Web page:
Spellbook of the Lost and Found – Moïra Fowley-Doyle (ARC Review)

August 7, 2017

“What will you let go of? What can you not afford to lose?”

I had heard literally nothing about this book or the author when I requested it from PRH’s First to Read program. All I knew, going into it, was what you can read on the GR synopsis, and that it had an intriguing cover.

When three young Irish girls find a mysterious spellbook and carry out a spell to return lost items, they don’t pay enough attention to the line that warns them items must be sacrificed for those items being brought back. Without a sacrifice, the magic takes things – tangible and abstract alike – of its own accord.

While Olive and her best friend begin to unknowingly lose things, Hazel and her brother and childhood friend find the spellbook, and strange forces collide to bring the five teens together. Slowly, diary pages from the trio begin to appear, leading Olive, Hazel, and their friends on an adventure to find the trio, bring back what has been stolen, and put an end to the nightmare that magic can create.

There are a lot of characters in this book. The characters are divided into 3 “groups”, and as the chapters swap perspectives, each group has a singular narrator. The narrators get a great deal of development, while the side characters get a bit less.

• First, there’s the original trio: Laurel, Ash, and Holly. These three are the most influential characters as they kind of started the story, but we spend the least time with them and they’re certainly the most mysterious. Laurel is a likable, sensible narrator with no frills.

• Second, there’s Olive and her best friend, Rose. Olive is the narrator of this duo, and she’s a very enjoyable character. She’s a bit stubborn and headstrong, with a heart of absolute gold, and she’s incredibly concerned with the well-being of her family (including Rose).

• Third, there’s Hazel, her twin brother Rowan, and their childhood friend, Ivy. Hazel is the narrator of this one, and her chapters were probably my favorite. She’s angsty, pissed off at the world, full of regret and shame, and a shameless flirt. She’s fun, but there’s always an underlying darkness beneath her mask.

Moïra’s writing is beautiful. It’s lyrical and full of metaphors, while still being a quick and enjoyable read. She paints incredible scenery around the characters, and leaves so many little bread crumbs throughout the story. There’s a wonderful twist to the story that I did guess about halfway through, but the way it was executed still gave me chills all over.

I went into this book with no idea it was an LGBTQ+ read, so you can imagine my delight when Olive mentions that she and Rose are “the only bisexual girls in town”. Hazel is also a lesbian, and without any spoilers, there is a lovely f/f romance toward the last third of the book. The representation is done really flawlessly and without tropes.

There’s also diversity and self-awareness thrown in here and there: Rose is half Indian (a brief scene involves racism, and is addressed as problematic immediately). Olive is entirely deaf in one ear (and makes mention to her hearing aid a few times).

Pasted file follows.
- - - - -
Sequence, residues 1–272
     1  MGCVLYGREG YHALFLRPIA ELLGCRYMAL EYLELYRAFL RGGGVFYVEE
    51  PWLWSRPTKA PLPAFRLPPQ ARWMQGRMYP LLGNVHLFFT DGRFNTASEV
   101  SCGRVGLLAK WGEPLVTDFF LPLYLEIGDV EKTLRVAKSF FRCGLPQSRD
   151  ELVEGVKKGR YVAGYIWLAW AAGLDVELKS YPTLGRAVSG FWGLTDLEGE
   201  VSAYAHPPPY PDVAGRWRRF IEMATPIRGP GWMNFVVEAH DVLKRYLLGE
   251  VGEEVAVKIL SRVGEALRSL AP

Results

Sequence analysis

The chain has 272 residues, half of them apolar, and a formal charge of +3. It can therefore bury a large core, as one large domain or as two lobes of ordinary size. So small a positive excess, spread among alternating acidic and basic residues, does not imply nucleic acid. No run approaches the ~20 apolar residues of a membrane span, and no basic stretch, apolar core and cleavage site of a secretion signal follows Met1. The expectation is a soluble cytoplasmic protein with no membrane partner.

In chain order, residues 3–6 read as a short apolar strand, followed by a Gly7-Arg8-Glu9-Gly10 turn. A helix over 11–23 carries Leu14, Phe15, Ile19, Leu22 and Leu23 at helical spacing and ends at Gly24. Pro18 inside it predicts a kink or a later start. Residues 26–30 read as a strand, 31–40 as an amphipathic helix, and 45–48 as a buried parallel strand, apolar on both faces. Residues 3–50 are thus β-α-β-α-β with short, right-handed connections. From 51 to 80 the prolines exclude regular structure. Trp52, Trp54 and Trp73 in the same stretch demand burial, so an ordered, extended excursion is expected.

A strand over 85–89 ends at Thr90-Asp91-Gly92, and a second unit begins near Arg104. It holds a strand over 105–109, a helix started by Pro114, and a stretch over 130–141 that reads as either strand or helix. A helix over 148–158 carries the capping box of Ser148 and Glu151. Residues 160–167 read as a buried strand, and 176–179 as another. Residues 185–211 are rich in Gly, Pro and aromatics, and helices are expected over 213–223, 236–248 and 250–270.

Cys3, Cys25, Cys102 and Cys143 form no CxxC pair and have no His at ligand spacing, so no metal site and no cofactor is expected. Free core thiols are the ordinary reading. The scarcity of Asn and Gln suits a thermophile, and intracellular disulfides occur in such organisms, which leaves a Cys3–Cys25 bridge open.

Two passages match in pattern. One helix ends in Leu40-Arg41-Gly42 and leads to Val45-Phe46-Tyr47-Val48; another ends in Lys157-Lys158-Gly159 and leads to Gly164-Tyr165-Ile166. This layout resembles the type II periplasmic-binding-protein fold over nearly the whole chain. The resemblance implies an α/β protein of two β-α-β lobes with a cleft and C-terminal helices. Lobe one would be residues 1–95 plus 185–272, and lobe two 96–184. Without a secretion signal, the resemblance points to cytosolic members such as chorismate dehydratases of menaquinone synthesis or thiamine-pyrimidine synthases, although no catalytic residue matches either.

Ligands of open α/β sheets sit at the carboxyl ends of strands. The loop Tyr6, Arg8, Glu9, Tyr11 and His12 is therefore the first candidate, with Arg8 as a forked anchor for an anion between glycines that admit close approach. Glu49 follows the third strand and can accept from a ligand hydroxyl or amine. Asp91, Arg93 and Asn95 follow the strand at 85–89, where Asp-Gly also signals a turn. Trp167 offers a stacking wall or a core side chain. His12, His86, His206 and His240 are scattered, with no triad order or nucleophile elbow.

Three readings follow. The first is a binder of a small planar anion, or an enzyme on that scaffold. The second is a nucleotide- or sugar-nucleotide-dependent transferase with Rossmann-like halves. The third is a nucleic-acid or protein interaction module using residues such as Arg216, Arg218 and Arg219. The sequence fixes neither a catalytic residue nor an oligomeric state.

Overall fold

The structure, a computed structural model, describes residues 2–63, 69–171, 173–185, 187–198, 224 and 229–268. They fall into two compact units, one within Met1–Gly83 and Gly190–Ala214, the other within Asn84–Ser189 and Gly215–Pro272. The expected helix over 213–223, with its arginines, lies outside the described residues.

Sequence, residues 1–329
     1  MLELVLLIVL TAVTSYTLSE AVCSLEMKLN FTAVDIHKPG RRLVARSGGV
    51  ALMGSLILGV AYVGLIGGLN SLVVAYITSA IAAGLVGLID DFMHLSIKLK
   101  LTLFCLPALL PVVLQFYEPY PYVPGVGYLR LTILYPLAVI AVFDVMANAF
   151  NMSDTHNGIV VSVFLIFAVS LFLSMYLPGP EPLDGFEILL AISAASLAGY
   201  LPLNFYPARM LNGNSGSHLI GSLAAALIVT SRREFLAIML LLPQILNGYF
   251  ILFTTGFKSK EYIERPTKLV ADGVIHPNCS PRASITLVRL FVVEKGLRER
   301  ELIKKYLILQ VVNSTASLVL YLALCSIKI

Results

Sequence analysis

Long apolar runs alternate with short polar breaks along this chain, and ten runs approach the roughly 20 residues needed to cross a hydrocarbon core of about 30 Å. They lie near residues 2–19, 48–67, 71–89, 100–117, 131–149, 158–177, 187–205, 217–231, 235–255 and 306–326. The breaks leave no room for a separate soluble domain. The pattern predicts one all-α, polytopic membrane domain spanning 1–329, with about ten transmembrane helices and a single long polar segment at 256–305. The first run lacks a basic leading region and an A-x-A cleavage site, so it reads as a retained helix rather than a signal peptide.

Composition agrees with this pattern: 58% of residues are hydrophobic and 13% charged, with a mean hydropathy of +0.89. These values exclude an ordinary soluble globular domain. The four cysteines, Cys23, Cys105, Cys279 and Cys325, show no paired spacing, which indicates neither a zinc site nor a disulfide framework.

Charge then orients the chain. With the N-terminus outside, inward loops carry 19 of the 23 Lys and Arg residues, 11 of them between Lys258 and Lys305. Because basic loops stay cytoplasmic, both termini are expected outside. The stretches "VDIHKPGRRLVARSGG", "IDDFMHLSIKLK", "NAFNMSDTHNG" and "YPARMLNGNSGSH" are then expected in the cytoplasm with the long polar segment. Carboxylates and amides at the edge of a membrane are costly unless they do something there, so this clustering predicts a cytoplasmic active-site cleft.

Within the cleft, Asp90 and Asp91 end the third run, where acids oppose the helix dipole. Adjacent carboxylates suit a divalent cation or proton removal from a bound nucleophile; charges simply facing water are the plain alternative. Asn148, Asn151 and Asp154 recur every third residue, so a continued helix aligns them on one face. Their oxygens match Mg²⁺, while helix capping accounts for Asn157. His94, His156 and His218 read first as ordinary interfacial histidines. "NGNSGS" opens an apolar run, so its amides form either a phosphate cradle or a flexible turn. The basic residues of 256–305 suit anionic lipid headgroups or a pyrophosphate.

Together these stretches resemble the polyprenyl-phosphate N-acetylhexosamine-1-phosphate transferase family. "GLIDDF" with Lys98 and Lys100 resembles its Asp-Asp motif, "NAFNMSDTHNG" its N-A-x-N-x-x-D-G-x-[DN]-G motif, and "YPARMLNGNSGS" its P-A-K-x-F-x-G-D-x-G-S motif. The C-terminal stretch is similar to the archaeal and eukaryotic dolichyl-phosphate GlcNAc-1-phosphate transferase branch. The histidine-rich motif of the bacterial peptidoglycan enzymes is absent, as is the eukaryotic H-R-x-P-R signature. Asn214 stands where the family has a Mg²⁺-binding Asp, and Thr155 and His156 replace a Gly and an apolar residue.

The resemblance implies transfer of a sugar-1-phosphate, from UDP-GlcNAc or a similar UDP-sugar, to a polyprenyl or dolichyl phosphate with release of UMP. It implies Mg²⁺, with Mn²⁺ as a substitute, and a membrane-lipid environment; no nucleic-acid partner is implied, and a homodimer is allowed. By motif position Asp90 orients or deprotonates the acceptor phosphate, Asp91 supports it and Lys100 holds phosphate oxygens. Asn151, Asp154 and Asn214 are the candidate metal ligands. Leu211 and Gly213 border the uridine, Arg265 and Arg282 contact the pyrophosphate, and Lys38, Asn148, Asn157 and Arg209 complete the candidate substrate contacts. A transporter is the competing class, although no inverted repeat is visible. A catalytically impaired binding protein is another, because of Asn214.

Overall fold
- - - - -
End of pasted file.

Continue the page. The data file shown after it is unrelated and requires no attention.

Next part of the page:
In one scene I really loved, there’s an entire conversation between Olive and her sister regarding feminism:

I give my sister a baffled look and am not nearly discreet enough to hide it. It’s one thing to find out she reads poetry; it’s another to discover she identifies as a feminist. Maybe I have more in common with my little sister than I thought.

The book goes on after that scene to discuss feminism a few more times, as well as the terror that is rape culture. None of it ever feels like “checking boxes on the list”; you can easily tell that Moïra writes from her heart.

From the characters to the plot, this book was so much more than I hoped for, and I loved every moment of it. I found myself addicted to the developing twists, and could barely bring myself to put it down. It has a solid ending that doesn’t feel rushed, and the loose ends are tied by the time you close the back cover. I am so pleased to have been given the chance to read and review Spellbook, and I can’t wait to see what else Moïra has in store for her readers!

Content warnings: rape (mostly implied), consensual sex (f/f and m/f), alcoholism, abusive parents.

ARC provided by Penguin Random House “First to Read” in exchange for an honest review.

Releases Aug 8, 2017
Goodreads | Amazon | BookDepository
If you haven’t pre-ordered yet, please consider doing so via the BookDepository link – you won’t pay any extra, but I’ll get a small affiliate commission!

More about Destiny @ Howling Libraries

Just a horror aficionado/geek girl trying to juggle motherhood, reading, blogging, gaming, and everyday life.

    1. I loved your review!! I want to read this book so badly! Not only does it sound amazing, but the cover is stunning (which influences me more than I like to admit…). I am even more excited to read this now than I was before!

      1. Thank you so much! Oh, no judgment, I’m a shameless cover buyer, too. ? The cover on this one IS gorgeous! I loved the e-ARC so much I think I’ll have to pick up a physical copy. I hope you enjoy it!

    1. oooo this sounds wonderful! thanks for the amazing review, I’ll definitely check this out 🙂

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